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Contractual interpretation; limitation period for notifying claims

Published on 07 August 2020

Towergate Financial (Group) Ltd & Ors v Hopkinson & Ors [2020] EWHC 984 (Comm)

The question

How will the court interpret a contractual time limit on notifying claims, in particular to notify “as soon as possible”?

The key takeaway

Very careful consideration should be given to notice clauses – all requirements must be met to ensure that a notice is valid and a party should not just consider any longstop date.

The background

The case involved the purchase of the company M2 Holdings Limited and its subsidiaries (the Company) which took place in August 2008. In the share purchase agreement (SPA) for this deal, the sellers agreed to indemnify the buyers against any losses suffered as a result of or in connection with professional negligence claims, including claims regarding mis-selling which had occurred before the completion of the SPA. 

The indemnity was limited by clauses 6.7 and 6.7.3 which stated that the sellers would not have any liability in relation to the indemnity unless the buyers notified the sellers “as soon as possible” and in any event prior to and on or before the seventh anniversary of the date of the agreement. 

In addition, clause 5.12 regulated the conduct of claims related to the indemnity. The seller required the buyer to attempt to mitigate/avoid proceedings and to enable this, the buyer would disclose all relevant information and documents of the claim to the seller. 

In July 2014, the FCA reviewed financial advice given by the Company and determined that there had been mis-selling which resulted in substantial liabilities being incurred. In July 2015 (and still within the seven-year anniversary of the date of the agreement), the buyer notified the seller of their obligations to indemnify them for these liabilities.

The seller refused to indemnify the buyer on the basis that they had not informed them “as soon as possible”. The buyer disputed this, arguing that the limitation only required them to notify the sellers on or before the seventh anniversary of the date of the agreement. They contended that the wording “as soon as possible” should not be considered, given:

  • the tautologous and ambiguous nature of the clause, which required notice “prior to”, and “on or before the seventh anniversary”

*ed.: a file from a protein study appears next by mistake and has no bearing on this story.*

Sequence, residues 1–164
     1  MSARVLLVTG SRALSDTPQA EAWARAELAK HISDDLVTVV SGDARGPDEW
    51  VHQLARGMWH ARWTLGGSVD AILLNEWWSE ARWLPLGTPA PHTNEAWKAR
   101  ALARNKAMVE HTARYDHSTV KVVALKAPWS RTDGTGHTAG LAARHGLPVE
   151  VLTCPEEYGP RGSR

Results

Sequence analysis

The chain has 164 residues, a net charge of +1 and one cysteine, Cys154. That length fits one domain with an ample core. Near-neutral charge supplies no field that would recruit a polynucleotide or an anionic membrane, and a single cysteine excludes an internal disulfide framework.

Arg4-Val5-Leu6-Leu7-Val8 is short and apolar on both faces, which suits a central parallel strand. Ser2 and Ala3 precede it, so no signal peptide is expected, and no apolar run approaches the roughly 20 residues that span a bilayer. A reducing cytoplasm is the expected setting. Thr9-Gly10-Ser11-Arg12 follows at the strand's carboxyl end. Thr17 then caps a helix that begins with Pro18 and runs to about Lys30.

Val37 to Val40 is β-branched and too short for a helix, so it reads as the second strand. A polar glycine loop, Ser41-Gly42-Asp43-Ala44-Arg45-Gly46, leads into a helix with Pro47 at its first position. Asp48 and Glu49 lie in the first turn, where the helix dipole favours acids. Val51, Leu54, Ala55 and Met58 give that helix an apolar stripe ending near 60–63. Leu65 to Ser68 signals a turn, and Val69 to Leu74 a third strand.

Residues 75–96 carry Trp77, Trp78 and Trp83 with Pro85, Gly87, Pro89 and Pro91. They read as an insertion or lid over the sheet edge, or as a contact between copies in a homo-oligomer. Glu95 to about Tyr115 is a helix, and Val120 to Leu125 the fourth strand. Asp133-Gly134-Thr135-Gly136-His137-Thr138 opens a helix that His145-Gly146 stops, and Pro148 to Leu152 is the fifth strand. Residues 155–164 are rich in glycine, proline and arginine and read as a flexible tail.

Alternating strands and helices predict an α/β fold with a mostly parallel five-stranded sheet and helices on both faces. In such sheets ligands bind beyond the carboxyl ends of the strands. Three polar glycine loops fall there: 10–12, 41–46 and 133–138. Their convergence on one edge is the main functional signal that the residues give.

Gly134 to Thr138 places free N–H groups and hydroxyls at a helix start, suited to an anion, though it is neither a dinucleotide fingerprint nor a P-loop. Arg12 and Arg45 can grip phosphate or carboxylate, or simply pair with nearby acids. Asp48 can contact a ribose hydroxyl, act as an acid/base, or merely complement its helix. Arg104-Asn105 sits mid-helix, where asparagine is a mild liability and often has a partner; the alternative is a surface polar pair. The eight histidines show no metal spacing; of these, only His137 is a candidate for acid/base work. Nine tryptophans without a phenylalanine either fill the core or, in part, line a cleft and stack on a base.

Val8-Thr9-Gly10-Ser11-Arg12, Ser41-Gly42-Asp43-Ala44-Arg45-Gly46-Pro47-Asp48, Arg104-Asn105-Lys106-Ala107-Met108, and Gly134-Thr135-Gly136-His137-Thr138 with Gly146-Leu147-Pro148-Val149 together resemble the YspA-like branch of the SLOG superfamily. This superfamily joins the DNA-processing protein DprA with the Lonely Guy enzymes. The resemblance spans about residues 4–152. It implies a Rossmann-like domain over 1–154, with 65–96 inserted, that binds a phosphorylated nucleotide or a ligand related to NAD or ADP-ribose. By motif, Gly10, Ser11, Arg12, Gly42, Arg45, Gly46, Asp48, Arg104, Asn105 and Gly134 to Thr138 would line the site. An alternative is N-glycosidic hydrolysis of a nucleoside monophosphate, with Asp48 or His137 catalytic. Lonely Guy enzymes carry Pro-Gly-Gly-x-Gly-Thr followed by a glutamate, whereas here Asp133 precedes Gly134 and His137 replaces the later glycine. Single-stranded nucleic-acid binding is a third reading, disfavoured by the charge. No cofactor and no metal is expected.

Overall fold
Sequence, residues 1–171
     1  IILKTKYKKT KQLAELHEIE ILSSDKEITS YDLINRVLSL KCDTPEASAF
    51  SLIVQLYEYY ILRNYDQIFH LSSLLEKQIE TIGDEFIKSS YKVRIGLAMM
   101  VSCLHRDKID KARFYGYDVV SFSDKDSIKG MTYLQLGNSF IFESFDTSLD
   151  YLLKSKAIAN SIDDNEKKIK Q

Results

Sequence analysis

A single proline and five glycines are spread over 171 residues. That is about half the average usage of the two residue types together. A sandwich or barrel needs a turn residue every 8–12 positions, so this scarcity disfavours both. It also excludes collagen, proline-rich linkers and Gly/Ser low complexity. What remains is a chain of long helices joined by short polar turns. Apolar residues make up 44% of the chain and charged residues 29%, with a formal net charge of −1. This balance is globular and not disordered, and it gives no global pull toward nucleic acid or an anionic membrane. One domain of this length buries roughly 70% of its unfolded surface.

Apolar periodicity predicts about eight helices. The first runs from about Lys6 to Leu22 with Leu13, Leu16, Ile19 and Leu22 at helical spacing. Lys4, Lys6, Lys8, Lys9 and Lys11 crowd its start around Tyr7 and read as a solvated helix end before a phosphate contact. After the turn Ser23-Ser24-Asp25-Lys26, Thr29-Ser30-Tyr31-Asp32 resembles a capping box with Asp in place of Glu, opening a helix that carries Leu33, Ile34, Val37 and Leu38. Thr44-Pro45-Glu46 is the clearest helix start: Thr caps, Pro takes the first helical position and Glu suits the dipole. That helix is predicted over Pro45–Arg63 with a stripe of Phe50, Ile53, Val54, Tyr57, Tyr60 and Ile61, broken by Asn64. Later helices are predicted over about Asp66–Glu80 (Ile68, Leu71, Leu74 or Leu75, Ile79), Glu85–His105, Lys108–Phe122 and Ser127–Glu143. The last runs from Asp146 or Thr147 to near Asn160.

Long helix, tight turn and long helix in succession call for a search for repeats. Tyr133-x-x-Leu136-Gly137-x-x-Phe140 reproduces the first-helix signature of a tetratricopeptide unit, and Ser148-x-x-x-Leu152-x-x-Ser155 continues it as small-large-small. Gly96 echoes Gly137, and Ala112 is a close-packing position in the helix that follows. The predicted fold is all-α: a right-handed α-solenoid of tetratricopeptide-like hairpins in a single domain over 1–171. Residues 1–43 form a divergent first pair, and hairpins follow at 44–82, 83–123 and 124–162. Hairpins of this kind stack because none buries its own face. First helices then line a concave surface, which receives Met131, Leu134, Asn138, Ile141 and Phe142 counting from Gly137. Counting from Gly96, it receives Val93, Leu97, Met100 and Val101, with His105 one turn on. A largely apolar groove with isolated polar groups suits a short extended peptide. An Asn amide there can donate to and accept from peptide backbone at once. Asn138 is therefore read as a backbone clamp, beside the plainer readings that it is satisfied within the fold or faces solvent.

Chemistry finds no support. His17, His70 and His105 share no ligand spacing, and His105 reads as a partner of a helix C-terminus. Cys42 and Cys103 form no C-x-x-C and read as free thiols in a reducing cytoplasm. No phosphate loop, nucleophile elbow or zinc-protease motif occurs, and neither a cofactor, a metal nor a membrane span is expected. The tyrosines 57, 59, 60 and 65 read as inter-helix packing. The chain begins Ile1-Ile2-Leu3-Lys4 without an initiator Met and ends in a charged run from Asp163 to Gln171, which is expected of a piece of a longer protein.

• the undefined meaning of “as soon as possible”
  • the lack of commercial justification for “as soon as possible” acting as a condition precedent.
The decision

The court held that the buyer failed in its claim for indemnification against the seller:

  • the clause in dispute was not problematic and the obligation was not satisfied by providing notice within the seven years. The reasonable reader would understand that the clause created dual condition precedents: (1) to provide notice as soon as possible and, (2) in any case, provide notice within seven years from the date of the agreement.
  • the commercial circumstances did not impact such an unambiguous term. The court dismissed the buyer’s suggestion that the existence of clause 5.12 negated the commercial justification for including the “as soon as possible” obligation.
  • the lack of specific wording in the SPA regarding what constitutes “as soon as possible” did not make the limitation redundant. In this case, after the buyer was informed of the FCA review, they had given notice to their insurer of such claims, but did not inform the seller until a year later. Therefore, on the facts, the buyer had not given notice “as soon as possible” and were not entitled to indemnification.
Why is this important? 

This is a reminder that the court will give clauses their “natural and ordinary” meaning, even if the commercial consequences for one party are significant. It is also helpful guidance on the approach to contractual limitation clauses. 

Any practical tips?

When drafting notice provisions, consider each of the requirements of the notice (eg timing, content and service) and whether each is intended to be a condition precedent (ie if it is not satisfied, the notice is ineffective). This is particularly important where there are significant commercial consequences of the notice (eg indemnities, contractual limitations, renewals/break clauses, etc).